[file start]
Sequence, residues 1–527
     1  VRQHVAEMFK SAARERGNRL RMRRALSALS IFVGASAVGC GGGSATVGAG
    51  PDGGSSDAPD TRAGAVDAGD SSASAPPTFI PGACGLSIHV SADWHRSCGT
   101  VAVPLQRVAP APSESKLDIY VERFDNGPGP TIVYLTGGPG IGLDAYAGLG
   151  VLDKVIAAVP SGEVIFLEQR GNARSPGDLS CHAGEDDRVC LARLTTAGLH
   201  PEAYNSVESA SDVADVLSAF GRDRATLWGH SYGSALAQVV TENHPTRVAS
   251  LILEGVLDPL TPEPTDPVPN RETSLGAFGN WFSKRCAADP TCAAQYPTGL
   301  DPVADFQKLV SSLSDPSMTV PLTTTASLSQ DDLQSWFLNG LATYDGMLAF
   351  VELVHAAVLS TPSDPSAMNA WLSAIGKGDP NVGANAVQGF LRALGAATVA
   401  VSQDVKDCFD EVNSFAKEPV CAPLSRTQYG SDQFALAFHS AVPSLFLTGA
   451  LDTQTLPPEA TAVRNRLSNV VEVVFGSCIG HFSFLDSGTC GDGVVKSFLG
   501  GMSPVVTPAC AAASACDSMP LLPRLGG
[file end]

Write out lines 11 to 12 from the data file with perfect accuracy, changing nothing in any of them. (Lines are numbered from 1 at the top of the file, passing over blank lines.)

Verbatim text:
   451  LDTQTLPPEA TAVRNRLSNV VEVVFGSCIG HFSFLDSGTC GDGVVKSFLG
   501  GMSPVVTPAC AAASACDSMP LLPRLGG